Pathways to Wellness

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Relaxation and stress

couple on edge of mountain photoFeeling stressed is a fact of life – it’s an automatic, biological response when we are challenged – physically or emotionally. Adrenalin is released, our heart beats faster, our breathing gets deeper, and more blood flows to our brains and muscles so that we can think clearly and quickly, and run away or defend ourselves. This inborn emergency response system works very well when strength and speed are needed right away. But most of the situations which stress us out at home, work, or school don’t require strength or speed, but a cool head, diplomacy and thoughtfulness. Too often we respond in the heat of the moment, and actually make things worse!

Learning how to manage your body’s response to stressful situations will make you more effective in daily life, and will help prevent the long-term impact of stress. Chronic stress has been linked to heart disease, ulcers, and headaches among other ailments.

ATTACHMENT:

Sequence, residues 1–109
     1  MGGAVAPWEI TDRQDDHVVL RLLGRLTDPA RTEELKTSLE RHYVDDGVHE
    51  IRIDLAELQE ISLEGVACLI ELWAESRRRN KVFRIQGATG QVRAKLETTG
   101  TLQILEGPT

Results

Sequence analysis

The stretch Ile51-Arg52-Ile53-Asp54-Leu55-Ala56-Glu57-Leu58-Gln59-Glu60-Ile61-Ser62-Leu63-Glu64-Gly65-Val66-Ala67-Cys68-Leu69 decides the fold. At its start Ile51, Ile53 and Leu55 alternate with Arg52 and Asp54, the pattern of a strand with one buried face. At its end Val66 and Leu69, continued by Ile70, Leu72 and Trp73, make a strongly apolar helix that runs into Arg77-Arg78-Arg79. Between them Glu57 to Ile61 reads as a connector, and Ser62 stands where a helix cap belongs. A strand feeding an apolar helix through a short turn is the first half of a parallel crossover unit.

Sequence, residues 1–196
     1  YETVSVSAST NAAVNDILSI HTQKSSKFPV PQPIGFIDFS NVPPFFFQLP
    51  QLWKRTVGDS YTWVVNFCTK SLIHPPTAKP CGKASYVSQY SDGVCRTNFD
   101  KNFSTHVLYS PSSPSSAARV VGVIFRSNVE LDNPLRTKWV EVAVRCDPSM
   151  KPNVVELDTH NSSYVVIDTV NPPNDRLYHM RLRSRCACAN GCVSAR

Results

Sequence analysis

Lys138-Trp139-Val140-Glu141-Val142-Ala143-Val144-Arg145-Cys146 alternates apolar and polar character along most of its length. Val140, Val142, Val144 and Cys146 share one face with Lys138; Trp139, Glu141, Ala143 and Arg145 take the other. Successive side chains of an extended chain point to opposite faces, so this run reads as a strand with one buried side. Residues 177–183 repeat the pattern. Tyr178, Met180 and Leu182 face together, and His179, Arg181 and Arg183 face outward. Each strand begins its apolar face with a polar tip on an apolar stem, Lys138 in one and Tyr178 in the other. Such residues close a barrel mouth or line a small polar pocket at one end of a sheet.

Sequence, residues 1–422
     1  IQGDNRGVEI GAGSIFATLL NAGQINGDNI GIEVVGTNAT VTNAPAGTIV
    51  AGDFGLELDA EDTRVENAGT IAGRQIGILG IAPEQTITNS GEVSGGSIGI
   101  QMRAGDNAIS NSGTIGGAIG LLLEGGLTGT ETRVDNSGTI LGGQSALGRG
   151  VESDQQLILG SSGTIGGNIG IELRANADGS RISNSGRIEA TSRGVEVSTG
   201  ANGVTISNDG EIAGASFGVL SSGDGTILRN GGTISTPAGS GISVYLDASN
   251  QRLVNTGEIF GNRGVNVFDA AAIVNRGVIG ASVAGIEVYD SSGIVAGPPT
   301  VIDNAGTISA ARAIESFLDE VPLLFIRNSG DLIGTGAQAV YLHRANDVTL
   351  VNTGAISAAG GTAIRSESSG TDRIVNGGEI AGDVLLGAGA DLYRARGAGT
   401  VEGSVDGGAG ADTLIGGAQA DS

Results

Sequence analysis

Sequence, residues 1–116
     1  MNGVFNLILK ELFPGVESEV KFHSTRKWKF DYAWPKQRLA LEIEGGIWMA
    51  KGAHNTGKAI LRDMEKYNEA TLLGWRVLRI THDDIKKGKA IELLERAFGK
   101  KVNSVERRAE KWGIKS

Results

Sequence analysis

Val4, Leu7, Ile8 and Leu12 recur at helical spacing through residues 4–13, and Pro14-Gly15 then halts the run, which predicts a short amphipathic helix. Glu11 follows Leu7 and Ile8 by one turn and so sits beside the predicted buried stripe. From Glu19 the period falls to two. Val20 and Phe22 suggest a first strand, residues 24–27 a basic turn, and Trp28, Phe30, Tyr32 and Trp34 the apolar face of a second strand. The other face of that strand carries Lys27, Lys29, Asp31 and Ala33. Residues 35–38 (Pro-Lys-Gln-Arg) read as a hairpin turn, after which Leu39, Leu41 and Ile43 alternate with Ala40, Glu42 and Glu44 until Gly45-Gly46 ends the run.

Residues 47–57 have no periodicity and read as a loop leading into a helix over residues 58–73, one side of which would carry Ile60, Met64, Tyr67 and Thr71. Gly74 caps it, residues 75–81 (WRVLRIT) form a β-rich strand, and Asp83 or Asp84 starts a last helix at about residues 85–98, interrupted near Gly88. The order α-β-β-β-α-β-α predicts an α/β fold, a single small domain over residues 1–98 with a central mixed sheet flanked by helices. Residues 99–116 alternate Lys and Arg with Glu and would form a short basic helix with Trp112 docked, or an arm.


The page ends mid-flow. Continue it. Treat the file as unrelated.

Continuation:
Listen to Dr. Max Cynader of the Brain Research Centre at UBC explain the effects of stress on the brain, body and behaviour.  The following video is generously provided by Oh Boy Productions and the Brain Research Centre at UBC.


The Brain and Stress from
OhBoyProductions on Vimeo.
 www.ohboy.ca

Stress management goes by many names: meditation, progressive muscle relaxation, tai chi, yoga, deep breathing, mindfulness – to name a few. Some are easy to learn; others require more practice and dedication. Different people find different approaches useful – try out a few, and find the one that works best for you.

You might want to start by trying out the relaxation exercises below. These were developed by Health and Social Services staff to help smokers deal with stress during and after becoming smoke-free. They work equally well for anyone who wants to learn new ways of handling stress in their lives, no matter what the cause. Feel free to download any or all of the exercises to your iPod or MP3 player. Find the technique that works best for you, and practice it so that you can use it anytime you need it.

Stepping back...

Guided relaxation and mindfulness practices put to the gentle sounds of nature and classical music.

Abdominal breathing to inner sea

Intro: WAV

Exercise [12:41] WAV

Progressive muscle relaxation to sienna sky

Intro: WAV

Exercise [23:35] WAV

Mindfulness of music to velvet rain

Intro: WAV

Exercise [14:52]: WAV

Body scan to unwinding stream

Intro: WAV

Exercise [25:10]: WAV

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